According to a Windows Central report, the feature dubbed as "app suggestions" is on by default and pop up a window warning users not to install a third-party browser like Google Chrome and Mozilla Firefox.
"Microsoft Edge is the faster, safer browser on Windows 10 and is already installed on your PC", it says - just in case you forgot in the seconds between double-clicking the Edge icon and typing your search for something better.
Options provided are to open Microsoft Edge or install the other browser anyway. The "Windows 10 October 2018 update" is expected to bring a bunch of new features, for instance, a new cloud clipboard that will sync across machines, dark theme support for File Explorer, "updated" snipping tool and improvements to Microsoft Edge. Google recommends using Chrome, a fast and secure browser.
In a statement, Microsoft said the warning windows were being tested with a small number of users who were part of its "Insiders" initiative.
If you click the box, you can select "Turn off app recommendations", and Windows 10 will stop bothering you in the future-at least until Microsoft adds another annoying type of message that pushes Edge. The software simply installs as you would expect it to.
The message that pops up calls itself a "warning", but the only reason it's warning you to use Edge is that Microsoft would prefer you do so. There are a number of other places where Microsoft promotes Edge, and it's generally quite annoying. Now it's being used to trumpet Edge, too.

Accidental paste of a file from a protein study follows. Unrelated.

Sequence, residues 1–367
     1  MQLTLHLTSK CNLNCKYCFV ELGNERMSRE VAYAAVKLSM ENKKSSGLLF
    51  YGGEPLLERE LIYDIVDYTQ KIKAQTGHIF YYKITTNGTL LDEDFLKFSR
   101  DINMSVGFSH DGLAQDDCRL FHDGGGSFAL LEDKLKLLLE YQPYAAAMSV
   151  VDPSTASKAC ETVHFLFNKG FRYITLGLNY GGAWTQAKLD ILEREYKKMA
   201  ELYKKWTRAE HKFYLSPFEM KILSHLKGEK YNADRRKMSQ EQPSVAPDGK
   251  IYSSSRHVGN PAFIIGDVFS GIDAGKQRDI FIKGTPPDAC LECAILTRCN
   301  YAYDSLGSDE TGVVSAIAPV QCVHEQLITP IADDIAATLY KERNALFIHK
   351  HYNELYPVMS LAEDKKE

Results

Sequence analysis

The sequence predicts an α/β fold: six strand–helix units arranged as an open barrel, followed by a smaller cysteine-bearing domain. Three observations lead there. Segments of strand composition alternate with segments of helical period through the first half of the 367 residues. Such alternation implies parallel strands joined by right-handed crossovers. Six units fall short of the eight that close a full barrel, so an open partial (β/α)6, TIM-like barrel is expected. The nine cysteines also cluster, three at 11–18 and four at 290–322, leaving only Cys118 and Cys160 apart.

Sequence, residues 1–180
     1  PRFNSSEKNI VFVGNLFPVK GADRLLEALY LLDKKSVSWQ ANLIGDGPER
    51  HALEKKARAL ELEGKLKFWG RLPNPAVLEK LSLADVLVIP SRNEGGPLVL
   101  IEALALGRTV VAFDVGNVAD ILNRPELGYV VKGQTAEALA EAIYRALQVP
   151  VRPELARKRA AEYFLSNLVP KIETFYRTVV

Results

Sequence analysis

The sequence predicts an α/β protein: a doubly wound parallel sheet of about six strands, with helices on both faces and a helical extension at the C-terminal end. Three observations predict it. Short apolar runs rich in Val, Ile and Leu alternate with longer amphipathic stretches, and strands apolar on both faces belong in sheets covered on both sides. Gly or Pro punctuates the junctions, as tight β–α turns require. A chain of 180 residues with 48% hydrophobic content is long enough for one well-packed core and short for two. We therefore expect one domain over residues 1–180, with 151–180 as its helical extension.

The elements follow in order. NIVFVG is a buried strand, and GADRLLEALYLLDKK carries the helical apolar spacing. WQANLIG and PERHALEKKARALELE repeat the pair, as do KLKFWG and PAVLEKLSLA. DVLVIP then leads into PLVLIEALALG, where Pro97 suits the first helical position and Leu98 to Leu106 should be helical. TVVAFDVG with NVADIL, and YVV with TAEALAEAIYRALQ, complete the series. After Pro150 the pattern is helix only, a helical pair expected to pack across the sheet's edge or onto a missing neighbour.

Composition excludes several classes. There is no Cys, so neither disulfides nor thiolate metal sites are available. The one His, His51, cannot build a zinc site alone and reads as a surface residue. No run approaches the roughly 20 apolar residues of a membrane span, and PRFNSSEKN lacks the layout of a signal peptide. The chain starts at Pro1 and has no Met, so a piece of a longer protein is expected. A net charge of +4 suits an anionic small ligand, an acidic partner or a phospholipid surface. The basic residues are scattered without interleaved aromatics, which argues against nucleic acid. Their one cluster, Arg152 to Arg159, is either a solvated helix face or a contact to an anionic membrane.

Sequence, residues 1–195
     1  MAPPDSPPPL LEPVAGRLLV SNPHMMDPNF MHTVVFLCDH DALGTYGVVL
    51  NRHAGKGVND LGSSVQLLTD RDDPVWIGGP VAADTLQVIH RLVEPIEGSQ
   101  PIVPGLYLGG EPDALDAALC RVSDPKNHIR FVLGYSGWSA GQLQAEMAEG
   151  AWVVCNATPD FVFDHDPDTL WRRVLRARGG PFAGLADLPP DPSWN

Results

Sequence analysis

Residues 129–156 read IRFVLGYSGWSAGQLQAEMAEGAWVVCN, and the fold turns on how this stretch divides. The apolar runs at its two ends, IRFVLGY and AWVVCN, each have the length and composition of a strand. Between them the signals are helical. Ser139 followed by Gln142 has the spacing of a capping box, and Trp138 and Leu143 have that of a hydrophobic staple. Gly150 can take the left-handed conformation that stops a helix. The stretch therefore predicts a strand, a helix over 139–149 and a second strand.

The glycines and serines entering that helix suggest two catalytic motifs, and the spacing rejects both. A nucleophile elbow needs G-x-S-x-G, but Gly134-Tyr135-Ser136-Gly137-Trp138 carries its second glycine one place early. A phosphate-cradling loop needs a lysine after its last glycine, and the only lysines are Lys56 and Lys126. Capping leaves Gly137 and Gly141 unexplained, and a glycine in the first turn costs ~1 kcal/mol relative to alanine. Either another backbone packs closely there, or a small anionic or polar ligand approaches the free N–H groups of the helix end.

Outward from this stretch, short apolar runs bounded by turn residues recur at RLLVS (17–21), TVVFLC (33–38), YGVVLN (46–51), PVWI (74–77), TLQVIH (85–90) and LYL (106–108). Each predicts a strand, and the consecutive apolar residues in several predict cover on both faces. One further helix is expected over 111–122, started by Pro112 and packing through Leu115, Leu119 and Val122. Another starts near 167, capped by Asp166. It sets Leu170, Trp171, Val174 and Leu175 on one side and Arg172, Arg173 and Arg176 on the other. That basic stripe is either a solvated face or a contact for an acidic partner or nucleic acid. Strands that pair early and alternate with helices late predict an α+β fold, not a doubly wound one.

This isn't the first time that Microsoft has attempted to sway users toward its browser.
And, even after you make another browser your default, many things in Windows 10 ignore your preference and just open Edge anyway. For example, Microsoft has used the "tips, tricks, and suggestions" feature-again, enabled by default-to suggest you use Edge with intrusive pop-ups on your taskbar.
Overall Edge was behind Chrome in two out of three benchmarks, significantly in the case of Ares-6, but also beat Firefox in two out of three benchmarks.
Microsoft's motivation for experimenting with pushing Edge more aggressively can perhaps be explained by the browser's lack of success.